With a presidential election that ended in a never-before seen way, it is almost impossible to focus on the underlying issues. However, the outcome of these issues represent state by state decisions that will ultimately affect thousands of Americans. Payday loan initiatives appear quite frequently on election ballots due to their strong controversial nature. Although debates and proposals have been given and displayed time and time again to help people understand the importance of the payday loan industry in America, it remains a negative part of our society.
What is the controversy? Simply put, payday loans are illegal in 15 states nationwide and it seems that many more states are following suit. While the majority of people say it is just another money hungry industry looking to trick consumers into paying unnecessary amounts of money, some people have come to understand the purpose of the lending business. Regrettably, the opposing side is composed of people who do not need and have never used the system and more unfortunately still, they are the vast majority of people who actually vote on these issues. Because most payday loan institutions are centered in low-income areas of the country, many view them as illegitimate businesses. The truth is they are there because they are needed. Most low-income consumers depend on payday loans to pay off their pending bills or simply to make ends meet on a day-to-day basis.
Arizona has become the most recent state to take charge against the payday loan industry. With annual percentage rates on loans reaching over 400%, many felt the need to step in. The truth is, the rate makes it profitable to the lender and affordable to the consumer. Problems arose only when the loans were used inappropriately. Many consumers misunderstood or did not follow the necessary steps to make an efficient and problem-free transaction. People who were opposed to the industry made the argument that their late-fees were unreasonable, when they are really the same as any other sort of loan, either from a bank or a credit union.
Since payday loans in Arizona face extermination in 2010, supporters of the industry took an opportunity to fight against this in the 2008 presidential election. Proposition 200, as it was called, offered a reasonable alternative. It included a substantial APR cut from $17.50 to $15 for every $100 borrowed. There would be repayment plans available and would eliminate roll-over charges if payments were not made on time. Lastly, it would only allow consumers to take out one loan at a time. While the plea was reasonable, the bill did not pass. 40.50% voted for it while 59.50% defeated it. Arizona's payday loan industry faces extermination in 2010.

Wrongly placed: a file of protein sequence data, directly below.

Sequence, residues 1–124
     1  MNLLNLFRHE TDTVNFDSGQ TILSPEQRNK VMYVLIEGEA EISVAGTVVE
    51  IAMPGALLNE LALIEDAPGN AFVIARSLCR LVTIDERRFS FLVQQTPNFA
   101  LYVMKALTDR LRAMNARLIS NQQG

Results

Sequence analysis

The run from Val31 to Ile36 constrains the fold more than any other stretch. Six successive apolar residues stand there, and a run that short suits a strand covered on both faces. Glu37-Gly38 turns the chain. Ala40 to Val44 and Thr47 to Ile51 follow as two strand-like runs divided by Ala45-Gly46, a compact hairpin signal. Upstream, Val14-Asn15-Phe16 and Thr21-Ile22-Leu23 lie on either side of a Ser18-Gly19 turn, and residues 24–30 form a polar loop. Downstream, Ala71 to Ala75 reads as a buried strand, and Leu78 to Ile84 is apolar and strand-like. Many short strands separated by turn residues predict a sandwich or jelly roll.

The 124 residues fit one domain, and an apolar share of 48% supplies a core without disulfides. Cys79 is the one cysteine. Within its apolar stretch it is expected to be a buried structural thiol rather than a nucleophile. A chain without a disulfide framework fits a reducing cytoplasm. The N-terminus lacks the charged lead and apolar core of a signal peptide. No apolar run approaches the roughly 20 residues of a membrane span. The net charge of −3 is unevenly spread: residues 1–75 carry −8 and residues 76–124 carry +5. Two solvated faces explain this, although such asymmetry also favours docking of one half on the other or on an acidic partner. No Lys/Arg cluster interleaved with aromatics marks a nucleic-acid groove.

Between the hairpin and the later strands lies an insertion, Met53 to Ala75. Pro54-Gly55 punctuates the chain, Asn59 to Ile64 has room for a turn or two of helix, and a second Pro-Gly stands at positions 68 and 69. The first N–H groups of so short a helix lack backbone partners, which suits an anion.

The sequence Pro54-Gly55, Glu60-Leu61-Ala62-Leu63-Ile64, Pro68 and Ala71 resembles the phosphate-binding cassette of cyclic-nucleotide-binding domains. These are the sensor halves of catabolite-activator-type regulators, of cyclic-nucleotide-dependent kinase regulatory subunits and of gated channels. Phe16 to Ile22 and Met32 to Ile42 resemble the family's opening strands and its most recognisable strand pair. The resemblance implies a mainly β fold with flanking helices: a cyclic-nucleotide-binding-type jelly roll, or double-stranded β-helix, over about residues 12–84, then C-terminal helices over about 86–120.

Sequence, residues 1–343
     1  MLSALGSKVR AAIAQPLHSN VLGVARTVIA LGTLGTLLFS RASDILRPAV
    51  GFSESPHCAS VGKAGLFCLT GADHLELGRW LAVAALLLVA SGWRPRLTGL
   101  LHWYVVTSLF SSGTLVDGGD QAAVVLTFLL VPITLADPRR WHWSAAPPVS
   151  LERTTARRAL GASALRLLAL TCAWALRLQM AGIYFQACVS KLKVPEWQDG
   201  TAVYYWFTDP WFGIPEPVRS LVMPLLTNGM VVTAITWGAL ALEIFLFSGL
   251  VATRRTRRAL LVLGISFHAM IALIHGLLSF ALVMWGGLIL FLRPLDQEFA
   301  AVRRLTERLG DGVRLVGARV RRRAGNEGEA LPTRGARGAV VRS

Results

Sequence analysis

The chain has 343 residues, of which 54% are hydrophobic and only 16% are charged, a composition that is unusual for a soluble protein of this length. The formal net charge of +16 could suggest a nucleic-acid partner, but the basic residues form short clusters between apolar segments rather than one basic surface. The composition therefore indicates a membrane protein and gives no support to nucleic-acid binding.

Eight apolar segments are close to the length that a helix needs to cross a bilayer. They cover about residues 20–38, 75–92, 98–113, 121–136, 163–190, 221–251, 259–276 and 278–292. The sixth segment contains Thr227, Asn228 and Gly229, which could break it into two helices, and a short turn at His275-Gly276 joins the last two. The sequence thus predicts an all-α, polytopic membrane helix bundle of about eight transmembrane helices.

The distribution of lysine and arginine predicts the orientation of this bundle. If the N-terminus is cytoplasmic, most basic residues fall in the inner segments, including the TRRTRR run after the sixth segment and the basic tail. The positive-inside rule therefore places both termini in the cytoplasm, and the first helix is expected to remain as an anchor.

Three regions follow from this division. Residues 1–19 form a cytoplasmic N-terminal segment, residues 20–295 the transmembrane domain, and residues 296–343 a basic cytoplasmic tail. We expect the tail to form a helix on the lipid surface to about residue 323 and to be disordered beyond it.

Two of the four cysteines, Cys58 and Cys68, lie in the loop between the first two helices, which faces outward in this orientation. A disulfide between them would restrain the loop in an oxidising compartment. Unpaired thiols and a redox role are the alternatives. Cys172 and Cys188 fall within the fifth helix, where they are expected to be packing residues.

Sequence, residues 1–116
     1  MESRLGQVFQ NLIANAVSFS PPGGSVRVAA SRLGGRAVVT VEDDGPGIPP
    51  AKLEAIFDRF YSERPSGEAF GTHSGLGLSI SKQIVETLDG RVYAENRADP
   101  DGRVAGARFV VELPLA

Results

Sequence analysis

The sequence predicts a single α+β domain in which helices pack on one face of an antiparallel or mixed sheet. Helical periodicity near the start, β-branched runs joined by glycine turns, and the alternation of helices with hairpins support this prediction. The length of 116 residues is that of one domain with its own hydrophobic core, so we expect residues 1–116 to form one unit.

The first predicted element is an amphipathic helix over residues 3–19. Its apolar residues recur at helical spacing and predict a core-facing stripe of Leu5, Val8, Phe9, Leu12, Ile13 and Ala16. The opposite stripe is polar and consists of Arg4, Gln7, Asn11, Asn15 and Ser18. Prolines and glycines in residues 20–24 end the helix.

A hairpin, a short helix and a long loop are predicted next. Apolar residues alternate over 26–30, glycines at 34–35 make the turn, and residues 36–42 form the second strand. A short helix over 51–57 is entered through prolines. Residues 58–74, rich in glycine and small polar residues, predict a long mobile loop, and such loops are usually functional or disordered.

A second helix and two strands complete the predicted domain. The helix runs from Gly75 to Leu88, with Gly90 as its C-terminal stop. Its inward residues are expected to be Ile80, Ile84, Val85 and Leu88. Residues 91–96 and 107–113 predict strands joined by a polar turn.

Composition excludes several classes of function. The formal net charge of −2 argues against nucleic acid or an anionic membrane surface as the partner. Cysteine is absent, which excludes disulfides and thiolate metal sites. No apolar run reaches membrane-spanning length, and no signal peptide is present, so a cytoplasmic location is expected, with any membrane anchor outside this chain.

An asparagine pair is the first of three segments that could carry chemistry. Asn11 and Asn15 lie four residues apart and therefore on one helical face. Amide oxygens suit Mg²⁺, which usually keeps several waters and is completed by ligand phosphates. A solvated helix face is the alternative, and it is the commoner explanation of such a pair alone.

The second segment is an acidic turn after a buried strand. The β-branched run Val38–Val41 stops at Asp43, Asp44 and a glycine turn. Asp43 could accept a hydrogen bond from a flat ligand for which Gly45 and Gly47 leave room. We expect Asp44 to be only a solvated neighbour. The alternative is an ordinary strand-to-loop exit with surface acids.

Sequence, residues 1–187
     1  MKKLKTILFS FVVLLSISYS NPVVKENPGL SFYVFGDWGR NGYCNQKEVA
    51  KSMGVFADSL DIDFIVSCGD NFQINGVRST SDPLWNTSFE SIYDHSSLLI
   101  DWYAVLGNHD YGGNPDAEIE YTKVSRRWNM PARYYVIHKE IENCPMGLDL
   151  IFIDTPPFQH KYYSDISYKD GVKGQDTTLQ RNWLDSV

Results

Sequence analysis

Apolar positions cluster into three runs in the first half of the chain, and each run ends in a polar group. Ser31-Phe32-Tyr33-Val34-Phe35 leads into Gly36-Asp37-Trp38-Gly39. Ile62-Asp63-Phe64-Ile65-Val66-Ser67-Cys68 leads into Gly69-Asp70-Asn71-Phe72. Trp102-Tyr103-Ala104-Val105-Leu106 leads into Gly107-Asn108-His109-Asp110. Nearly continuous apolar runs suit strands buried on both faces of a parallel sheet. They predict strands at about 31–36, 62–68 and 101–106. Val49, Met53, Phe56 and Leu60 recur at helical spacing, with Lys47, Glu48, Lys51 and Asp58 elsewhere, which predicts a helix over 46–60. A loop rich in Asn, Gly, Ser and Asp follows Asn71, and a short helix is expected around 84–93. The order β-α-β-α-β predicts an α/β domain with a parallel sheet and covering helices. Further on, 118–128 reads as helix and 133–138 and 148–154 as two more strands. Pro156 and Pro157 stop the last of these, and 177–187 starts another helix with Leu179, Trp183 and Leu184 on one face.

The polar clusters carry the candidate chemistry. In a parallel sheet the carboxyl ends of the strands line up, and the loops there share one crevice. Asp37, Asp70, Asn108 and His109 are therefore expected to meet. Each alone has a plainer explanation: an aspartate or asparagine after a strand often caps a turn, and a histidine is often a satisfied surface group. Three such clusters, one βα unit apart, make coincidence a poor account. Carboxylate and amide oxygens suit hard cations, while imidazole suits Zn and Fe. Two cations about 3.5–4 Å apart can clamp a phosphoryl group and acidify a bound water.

Over the past few years, Ohio has seen a rise in the payday loan industry, with institutions appearing in every corner of the state capital. Earlier this year however, it became the most recent state to pass a law regarding payday loans. The law (or Issue 5) put a 28% cap on percentage rates which, up to that point, had reached about 391%. The law also limited the amount of loans to four per year and capped payday loan institutions in relativity to Cleveland's population. Although the initiative was said to be made with the intention to regulate the percentile rates, it has only made it impossible for the payday loan industry to exist. With a 28% limit, there is no room for profit and because of that payday loans have slowly diminished from the state of Ohio and over 6,000 people have been left without a job.
Ohioans for Financial Freedom, a payday loan representative group centered in Cleveland, Ohio, made it a priority to change the law. They spent over 16 million dollars and acquired 279,174 signatures to re-install Issue 5 on the 2008 presidential ballot. Their goal was to get enough voters against the proposition and therefore re-instate the 391% APR and unlimited access to payday loans every year. Alas, it did not pass. 64.55% of voters approved the issue, while only 35.45% defeated it. Without a doubt, the payday loan industry will not be around for much longer in the state of Ohio.
There is a general misunderstanding about the payday loan industry. Truthfully, the majority of state legislators prefer the regulation rather than the elimination of payday loans. Their argument is that if a profitable yet reasonable agreement can be made between the industry and the rest of the country, it can be a valuable part of our society.